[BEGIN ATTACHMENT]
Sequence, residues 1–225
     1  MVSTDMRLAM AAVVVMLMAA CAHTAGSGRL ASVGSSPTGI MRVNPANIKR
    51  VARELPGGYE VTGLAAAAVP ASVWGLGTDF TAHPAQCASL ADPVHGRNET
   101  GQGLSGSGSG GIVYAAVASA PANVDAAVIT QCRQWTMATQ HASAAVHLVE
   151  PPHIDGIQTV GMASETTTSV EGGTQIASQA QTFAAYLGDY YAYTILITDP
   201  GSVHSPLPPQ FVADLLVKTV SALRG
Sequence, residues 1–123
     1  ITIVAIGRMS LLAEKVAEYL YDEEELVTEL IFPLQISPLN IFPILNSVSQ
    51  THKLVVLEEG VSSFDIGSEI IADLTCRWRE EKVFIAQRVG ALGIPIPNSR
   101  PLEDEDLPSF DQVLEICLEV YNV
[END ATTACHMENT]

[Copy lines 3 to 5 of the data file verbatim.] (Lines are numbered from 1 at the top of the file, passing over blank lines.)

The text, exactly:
    51  VARELPGGYE VTGLAAAAVP ASVWGLGTDF TAHPAQCASL ADPVHGRNET
   101  GQGLSGSGSG GIVYAAVASA PANVDAAVIT QCRQWTMATQ HASAAVHLVE
   151  PPHIDGIQTV GMASETTTSV EGGTQIASQA QTFAAYLGDY YAYTILITDP